No power, no problem for food preservation – Grit

This has been my summer of canning, and I love it. I have been blessed with an abundant garden; enough for whatever we want to eat fresh, enough to share with friends, and enough to can and freeze for the coming winter. It’s a good feeling to know that we don’t have to depend on groceries for our survival, not that we wouldn’t miss out on some of the conveniences.

However, both of these food preservation methods (canning and freezing) rely on electrical energy. Electricity to heat boiling water for canning and processing and continuous electricity to service freezers. What if something happens to the power supply? What alternatives would we have?

The unstable global environment and the threat of natural disasters could have a very real impact on our food supply. It’s reminiscent of the Donner Party of decades ago. They were pioneers traveling west into California who found themselves trapped in the Sierra Nevadas during blizzards and cold temperatures. They slowly starved to death and some even resorted to cannibalism.

Granted, we don’t live in the days of the pioneers, but those people who traveled west in wagon trains for months knew some secrets of preserving food without modern conveniences. Chances are they didn’t have heavy cans to keep food on the open fire or modern freezers in their covered wagons! However, they carried enough food to get them through until they established a farm and could start growing their own.

Their methods of preserving food without electricity or a gas supply are still good to know today, not only when the power grid fails, but also for people who want to live off the grid in remote areas. Here are seven ways to store food safely without using electricity.

1. Salt: In today’s world, we tend to think of salt more as a seasoning than a method of preservation, but that way of thinking was reversed in ancient times. People living near a saline or saline body of water had the ability to dehydrate the water and collect salt, a precious commodity. Roman soldiers even received their wages in salt for a time. Salt reduces moisture, inhibits bacterial growth and also adds flavor to foods. Salt pork was often the standard fare for people traveling long distances by land or sea. Small barrels of pork drowned in salt or brine were common, as were salt brines used to improve the preservation of fish, poultry, and game before drying or smoking. It is a standard addition to most marinade recipes.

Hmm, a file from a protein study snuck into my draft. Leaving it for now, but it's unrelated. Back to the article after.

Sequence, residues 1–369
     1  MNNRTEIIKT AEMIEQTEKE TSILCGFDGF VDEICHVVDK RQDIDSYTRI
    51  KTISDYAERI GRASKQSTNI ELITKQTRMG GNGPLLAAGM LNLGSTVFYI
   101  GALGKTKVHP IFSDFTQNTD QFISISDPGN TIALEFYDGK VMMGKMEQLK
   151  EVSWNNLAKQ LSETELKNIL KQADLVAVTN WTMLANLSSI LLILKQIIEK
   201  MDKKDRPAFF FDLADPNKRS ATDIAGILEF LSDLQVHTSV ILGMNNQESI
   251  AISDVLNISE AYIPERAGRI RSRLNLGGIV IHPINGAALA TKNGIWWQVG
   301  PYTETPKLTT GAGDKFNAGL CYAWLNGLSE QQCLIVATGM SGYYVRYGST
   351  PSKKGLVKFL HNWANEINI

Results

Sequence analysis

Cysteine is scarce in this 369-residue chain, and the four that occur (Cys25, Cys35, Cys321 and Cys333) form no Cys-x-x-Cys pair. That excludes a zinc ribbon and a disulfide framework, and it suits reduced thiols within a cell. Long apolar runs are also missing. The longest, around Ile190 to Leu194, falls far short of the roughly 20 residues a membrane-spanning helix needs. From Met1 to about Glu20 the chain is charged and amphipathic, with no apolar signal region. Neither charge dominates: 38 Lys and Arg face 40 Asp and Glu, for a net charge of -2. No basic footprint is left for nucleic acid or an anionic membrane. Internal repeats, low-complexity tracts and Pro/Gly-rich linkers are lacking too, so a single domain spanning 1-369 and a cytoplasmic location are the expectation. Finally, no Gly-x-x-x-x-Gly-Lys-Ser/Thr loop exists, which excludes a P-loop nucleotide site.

2. Fat: Surprise, surprise, but fat has exceptional preservative virtues, especially beef trotters or tallow and tallow. Pioneer women often took pieces of meat and placed them in barrels or pots and covered them with tallow or tallow. The important thing was to keep the container airtight, so the frozen fat prevented oxygen and airborne microbes from reaching the meat. These fats are standard additions to pemmican recipes, which are concentrated blends of fats and proteins used as nutritious foods. Part of Canadian cuisine, pemmican looks like jerky meatballs made mostly of beef jerky or bison with an equal amount of fat and a few raisins or black cherries added. They are dense and high in energy.